backwoods

[ bak-woodz ]
/ ˈbækˈwʊdz /
||

noun

(often used with a singular verb) wooded or partially uncleared and unsettled districts.
any remote or isolated area.

adjective Also back·wood, back·woods·y.

of or relating to the backwoods.
unsophisticated; uncouth.

Nearby words

  1. backwash,
  2. backwater,
  3. backwater valve,
  4. backwind,
  5. backwood,
  6. backwoodsman,
  7. backword,
  8. backwrap,
  9. backyard,
  10. baclava

Origin of backwoods

An Americanism dating back to 1700–10; back1 + wood1(def 7)

SYNONYMS FOR backwoods
2. hinterland, provinces, wilds, woodland; sticks, boondocks, boonies, bush, backwater.

Dictionary.com Unabridged Based on the Random House Unabridged Dictionary, © Random House, Inc. 2019

Examples from the Web for backwood


British Dictionary definitions for backwood

backwoods

/ (ˈbækwʊdz) /

pl n

mainly US and Canadian partially cleared, sparsely populated forests
any remote sparsely populated place
(modifier) of, from, or like the backwoods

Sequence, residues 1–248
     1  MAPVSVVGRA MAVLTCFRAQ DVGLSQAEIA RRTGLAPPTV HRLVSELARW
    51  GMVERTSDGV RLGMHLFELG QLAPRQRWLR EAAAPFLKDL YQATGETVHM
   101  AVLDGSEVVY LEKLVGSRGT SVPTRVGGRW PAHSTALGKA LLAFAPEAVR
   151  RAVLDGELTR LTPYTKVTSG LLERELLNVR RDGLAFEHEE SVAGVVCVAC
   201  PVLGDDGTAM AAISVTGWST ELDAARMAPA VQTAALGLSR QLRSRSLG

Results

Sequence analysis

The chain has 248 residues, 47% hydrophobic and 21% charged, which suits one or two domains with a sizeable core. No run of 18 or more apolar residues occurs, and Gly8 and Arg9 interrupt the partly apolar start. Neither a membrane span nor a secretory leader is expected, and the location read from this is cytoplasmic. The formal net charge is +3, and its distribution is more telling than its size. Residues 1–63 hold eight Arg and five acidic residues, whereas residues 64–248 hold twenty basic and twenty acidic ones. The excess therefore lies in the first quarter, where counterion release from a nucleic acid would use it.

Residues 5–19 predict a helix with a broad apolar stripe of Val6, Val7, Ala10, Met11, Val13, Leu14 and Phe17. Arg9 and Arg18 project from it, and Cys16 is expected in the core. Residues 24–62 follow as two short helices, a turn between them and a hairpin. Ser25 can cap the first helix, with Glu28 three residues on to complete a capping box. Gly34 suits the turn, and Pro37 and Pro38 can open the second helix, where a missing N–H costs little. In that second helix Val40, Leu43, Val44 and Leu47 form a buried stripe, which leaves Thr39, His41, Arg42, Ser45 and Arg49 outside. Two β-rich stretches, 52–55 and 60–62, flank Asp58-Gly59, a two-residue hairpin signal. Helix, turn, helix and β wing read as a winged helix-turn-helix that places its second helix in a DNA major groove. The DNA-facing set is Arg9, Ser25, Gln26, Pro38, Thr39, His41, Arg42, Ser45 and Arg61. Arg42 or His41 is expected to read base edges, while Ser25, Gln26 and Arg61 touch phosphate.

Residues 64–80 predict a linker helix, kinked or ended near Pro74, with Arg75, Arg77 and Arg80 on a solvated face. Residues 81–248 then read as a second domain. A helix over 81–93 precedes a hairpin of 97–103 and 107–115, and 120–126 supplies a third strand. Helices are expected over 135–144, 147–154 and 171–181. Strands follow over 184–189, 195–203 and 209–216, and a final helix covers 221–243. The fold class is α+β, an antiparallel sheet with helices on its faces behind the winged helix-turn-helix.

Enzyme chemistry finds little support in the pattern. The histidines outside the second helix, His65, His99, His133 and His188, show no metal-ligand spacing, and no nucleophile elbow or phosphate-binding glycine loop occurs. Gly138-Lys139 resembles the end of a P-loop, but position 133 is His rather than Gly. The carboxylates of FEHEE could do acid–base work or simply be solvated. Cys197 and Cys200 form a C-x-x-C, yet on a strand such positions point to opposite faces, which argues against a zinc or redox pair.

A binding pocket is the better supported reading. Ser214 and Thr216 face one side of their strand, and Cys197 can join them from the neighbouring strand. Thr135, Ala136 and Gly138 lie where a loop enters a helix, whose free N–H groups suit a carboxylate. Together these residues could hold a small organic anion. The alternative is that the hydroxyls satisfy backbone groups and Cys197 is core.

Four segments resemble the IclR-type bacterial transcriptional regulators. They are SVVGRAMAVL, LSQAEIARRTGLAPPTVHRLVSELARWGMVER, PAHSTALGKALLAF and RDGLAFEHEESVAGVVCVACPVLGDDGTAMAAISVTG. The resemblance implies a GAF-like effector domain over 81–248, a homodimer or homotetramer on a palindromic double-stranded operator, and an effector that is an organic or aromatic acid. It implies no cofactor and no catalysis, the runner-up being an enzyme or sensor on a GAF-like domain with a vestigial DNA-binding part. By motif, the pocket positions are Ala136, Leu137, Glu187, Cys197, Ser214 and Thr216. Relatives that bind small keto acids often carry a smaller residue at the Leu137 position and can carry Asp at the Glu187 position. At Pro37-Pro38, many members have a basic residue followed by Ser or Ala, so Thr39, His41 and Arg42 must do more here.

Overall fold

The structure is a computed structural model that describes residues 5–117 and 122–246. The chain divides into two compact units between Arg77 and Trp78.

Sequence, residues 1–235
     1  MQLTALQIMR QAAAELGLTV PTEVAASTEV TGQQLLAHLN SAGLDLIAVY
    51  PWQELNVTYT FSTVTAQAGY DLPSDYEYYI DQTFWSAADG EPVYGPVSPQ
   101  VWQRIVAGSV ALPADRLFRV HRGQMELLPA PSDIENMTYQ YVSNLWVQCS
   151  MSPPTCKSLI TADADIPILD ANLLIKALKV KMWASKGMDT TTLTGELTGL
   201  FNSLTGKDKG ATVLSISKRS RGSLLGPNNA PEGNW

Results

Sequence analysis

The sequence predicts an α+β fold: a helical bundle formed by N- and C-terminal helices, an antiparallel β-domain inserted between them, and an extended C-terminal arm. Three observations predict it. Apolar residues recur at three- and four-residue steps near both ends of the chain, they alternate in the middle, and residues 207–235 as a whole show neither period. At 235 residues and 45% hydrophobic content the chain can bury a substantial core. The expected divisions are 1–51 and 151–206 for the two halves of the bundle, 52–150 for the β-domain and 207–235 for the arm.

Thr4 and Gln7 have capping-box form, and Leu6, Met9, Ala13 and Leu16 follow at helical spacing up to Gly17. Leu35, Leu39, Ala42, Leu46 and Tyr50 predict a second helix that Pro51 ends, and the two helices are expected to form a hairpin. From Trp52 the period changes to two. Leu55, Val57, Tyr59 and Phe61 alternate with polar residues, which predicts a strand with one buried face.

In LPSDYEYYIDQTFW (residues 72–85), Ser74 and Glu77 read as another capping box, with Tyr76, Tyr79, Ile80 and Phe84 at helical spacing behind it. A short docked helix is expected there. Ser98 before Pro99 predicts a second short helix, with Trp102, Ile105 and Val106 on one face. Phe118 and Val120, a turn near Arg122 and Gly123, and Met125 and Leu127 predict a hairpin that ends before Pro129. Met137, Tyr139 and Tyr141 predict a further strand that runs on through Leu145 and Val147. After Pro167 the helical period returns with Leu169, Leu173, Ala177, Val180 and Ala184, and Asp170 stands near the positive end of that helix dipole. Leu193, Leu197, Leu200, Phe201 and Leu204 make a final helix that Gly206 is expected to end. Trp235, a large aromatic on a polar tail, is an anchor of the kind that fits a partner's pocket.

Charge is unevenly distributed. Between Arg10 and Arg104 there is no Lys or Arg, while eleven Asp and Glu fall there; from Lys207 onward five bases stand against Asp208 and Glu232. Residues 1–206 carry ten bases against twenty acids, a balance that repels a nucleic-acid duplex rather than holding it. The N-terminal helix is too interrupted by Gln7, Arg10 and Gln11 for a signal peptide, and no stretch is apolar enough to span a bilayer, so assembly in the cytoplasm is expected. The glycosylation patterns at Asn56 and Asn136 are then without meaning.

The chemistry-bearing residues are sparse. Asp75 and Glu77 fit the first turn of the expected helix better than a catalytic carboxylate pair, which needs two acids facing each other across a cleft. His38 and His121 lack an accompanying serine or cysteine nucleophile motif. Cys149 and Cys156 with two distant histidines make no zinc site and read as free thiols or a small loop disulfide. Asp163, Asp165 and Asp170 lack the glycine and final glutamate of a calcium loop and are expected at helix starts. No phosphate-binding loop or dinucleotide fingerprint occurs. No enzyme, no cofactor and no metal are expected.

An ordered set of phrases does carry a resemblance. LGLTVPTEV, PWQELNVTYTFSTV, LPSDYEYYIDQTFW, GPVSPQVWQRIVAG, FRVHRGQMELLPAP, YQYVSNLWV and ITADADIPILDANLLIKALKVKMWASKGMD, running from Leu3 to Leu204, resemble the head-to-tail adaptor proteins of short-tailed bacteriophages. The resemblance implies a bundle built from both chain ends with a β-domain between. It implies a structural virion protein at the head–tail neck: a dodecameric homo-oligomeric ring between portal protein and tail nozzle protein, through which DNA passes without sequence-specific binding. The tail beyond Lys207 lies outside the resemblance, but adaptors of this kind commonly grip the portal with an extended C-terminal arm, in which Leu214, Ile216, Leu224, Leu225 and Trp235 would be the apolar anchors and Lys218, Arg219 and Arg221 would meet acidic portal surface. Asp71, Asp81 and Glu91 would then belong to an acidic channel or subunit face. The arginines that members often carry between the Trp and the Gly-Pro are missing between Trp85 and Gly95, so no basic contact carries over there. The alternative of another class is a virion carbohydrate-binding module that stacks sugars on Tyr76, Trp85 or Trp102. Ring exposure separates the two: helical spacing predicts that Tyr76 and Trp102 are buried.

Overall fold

(modifier) uncouth; rustic
Collins English Dictionary - Complete & Unabridged 2012 Digital Edition © William Collins Sons & Co. Ltd. 1979, 1986 © HarperCollins Publishers 1998, 2000, 2003, 2005, 2006, 2007, 2009, 2012

Word Origin and History for backwood

backwood

n.

1709, American English, from back (adj.) + wood (n.) "forested tract." Also backwoods. As an adjective, from 1784.

BACKWOODSMEN ... This word is commonly used as a term of reproach (and that, only in a familiar style,) to designate those people, who, being at a distance from the sea and entirely agricultural, are considered as either hostile or indifferent to the interests of the commercial states. [John Pickering, "A Vocabulary, or Collection of Words and Phrases Which Have Been Supposed to be Peculiar to the United States of America," Boston, 1816]
Online Etymology Dictionary, © 2010 Douglas Harper